Kate was our guest speaker for our Speech Day in 2017. She gave 10 wonderful pieces of advice to the students about both school life and entering the world of work – telling them to work hard and take opportunities that come your way because you never know how far they may take you!
Profession: Researcher and Chemical Oceanographer
Dr Kate Hendry is a Chemical Oceanographer who explores the deep sea, from the Arctic to the Antarctic! As well as a chemical oceanographer, Kate is a Palaeoclimatologist which means she studies of past climates. Paleoclimatology is crucial in helping us to understand climate change today. Diving deep into the abyss, there are biological systems that live away from the light, which people have only just begun to explore. Dr Kate Hendry is one of those people!
Kate left Shrewsbury High School to study an undergraduate degree in Natural Sciences at Cambridge University. After that, she carried out a doctorate in Antarctic biogeochemistry at Oxford University. Following that, Kate worked for 18 months at Oxford after completing her thesis as a postdoctoral research associate, before moving to the US for over two years as a postdoctoral scholar at Woods Hole Oceanographic Research Institution.
Kate moved back to the UK, initially as a Research Lecturer at Cardiff University, then as a Royal Society University Research Fellow at the University of Bristol. She has published over 40 well-cited, peer-reviewed papers, with over 700 citations. Dr Kate Hendry is a director of Antarctic Science Ltd, and sits on the UK National Committee of Antarctic Research.
Kate has since returned to SHS to tell pupils all about deep-ocean ecosystems. The talk was inspiring for pupils considering marine biology as a career but also for the rest of the pupils who got to hear all about Kate’s successes after leaving the High School which puts into practice that there really is no limit to what a Shrewsbury High School girl can achieve in the world of science!
Kate’s advice for future scientists is to stay broad in your studies and get a good grounding across the board. She advises aspiring scientists to get involved and take full advantage of the opportunities out there to work in science with volunteer organisations, charities, museums, and so on. She advises that, the more people you talk to, the more exciting science you will be able to find out about!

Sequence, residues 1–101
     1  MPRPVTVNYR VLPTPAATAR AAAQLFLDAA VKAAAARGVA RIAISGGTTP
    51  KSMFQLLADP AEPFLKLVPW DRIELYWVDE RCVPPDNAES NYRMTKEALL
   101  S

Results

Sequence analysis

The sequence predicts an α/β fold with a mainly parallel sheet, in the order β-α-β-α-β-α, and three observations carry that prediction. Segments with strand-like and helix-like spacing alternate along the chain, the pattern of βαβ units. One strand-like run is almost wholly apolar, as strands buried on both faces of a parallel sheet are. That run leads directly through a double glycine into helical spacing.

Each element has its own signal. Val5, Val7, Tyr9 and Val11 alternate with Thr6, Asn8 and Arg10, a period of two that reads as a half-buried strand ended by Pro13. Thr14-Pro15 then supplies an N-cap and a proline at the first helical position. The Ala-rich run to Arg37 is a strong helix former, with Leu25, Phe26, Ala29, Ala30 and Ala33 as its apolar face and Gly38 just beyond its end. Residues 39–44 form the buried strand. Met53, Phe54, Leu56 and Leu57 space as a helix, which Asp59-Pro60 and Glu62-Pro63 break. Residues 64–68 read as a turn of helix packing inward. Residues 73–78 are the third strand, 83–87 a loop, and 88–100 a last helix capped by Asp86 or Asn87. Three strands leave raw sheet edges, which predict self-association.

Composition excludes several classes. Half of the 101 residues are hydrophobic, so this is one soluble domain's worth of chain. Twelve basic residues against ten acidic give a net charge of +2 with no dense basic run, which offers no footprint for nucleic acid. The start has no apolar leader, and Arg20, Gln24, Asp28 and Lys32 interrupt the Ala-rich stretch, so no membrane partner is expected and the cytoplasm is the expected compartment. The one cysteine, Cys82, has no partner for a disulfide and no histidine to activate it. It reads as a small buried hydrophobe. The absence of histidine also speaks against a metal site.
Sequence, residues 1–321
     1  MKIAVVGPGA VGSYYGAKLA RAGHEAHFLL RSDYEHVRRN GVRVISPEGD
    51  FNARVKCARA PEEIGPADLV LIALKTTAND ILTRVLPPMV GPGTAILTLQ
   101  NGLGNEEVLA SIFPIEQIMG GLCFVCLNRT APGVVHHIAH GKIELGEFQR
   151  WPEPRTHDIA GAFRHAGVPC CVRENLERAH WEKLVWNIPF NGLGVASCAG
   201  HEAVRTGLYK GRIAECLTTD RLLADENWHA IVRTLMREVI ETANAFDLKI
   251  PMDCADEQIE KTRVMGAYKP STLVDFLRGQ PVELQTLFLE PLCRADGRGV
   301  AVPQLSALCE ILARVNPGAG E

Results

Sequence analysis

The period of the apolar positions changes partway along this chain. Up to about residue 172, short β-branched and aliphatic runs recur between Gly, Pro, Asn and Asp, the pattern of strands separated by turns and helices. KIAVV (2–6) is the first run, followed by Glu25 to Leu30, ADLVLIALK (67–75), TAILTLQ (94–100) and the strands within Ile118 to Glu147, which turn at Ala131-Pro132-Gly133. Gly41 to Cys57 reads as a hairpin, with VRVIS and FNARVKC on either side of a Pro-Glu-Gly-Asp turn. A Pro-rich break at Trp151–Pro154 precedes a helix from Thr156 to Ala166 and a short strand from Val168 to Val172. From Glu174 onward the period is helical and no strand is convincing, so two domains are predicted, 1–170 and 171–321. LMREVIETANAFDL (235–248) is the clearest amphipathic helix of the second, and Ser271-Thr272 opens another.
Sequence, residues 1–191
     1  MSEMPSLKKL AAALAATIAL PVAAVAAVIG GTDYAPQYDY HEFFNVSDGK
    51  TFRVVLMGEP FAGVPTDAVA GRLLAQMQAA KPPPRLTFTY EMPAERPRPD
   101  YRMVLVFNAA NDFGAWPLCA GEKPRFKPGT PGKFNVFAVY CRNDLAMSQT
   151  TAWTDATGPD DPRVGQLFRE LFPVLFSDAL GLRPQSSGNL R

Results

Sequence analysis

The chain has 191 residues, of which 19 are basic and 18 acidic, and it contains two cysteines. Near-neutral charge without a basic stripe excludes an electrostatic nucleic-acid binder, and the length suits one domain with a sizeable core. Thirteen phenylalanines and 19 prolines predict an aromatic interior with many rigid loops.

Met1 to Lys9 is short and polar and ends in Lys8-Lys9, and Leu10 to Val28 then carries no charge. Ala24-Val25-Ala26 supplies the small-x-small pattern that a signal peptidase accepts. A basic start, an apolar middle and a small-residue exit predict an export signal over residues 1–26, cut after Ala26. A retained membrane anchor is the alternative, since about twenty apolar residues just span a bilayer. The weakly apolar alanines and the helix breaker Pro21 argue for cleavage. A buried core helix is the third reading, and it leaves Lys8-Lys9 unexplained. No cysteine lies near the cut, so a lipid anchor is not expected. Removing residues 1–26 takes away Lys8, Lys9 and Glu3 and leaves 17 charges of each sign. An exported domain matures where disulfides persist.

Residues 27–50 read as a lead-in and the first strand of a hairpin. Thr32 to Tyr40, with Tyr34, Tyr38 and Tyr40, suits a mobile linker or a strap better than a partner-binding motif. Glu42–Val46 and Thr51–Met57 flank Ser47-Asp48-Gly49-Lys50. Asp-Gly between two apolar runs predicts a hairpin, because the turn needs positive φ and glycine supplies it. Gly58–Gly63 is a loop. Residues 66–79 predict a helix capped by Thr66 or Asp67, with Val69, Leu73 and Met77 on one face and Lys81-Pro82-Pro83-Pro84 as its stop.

Class of: 2020
Profession: Studying Biochemistry at Oxford University
After having spent almost a term on my Biochemistry course at Oxford University, it feels like time has flown by and that it was not all that long ago since I was back in classes at the High School. I have been incredibly lucky that despite the pandemic, I have been able to continue going to the labs in the Biochemistry department, which are the highlight of my week (as they were at the High School too). Studying a subject with a single focus has felt very different from A Levels, but Biochemistry has felt so broad in as subject itself, expanding into maths and physics especially, that it keeps my mind agile.
I feel the broad diversity of learning and opportunities at the High School has helped with my transition from Sixth Form to university. Bringing the High School’s confidence and “have a go” attitude with me to university has been hugely beneficial, especially when most of my learning and any extra opportunities are based online, requiring more self-motivation than under normal circumstances. By being a High School girl, I feel like I have been given the tools to make the best of my experience so far.
Class of: 2010
Profession: Founder and CEO of Good-Loop, the ethical marketing company
At the age of 15, Amy Williams went to do work experience at an advertising agency and was inspired by the way that the team worked together to solve complex business problems. Fast forward to today and she is the founder and CEO of the ethical marketing company Good-Loop.
Amy left Shrewsbury High School in 2010, with 11 GCSE’s and 4 As at A-level, to continue her studies at the University of Warwick where she achieved a First Class Honours Degree in Psychology.
6 years after her first work experience placement, Amy graduated and emerged into the world of marketing and advertisement. Amy worked for Oglivy as part of a graduate programme after doing an internship there. During that time, she worked for British Airways managing campaigns across the UK and Ireland, Europe, Africa, the Middle East and Asia Pacific.
But she didn’t stop there! Amy noticed that the more she learnt about the industry, the more she started to feel that the brands were disconnected from the customers. She sensed that it was time for a positive solution. So, alongside her co-founder, Daniel Winterstien, she launched Good-Loop.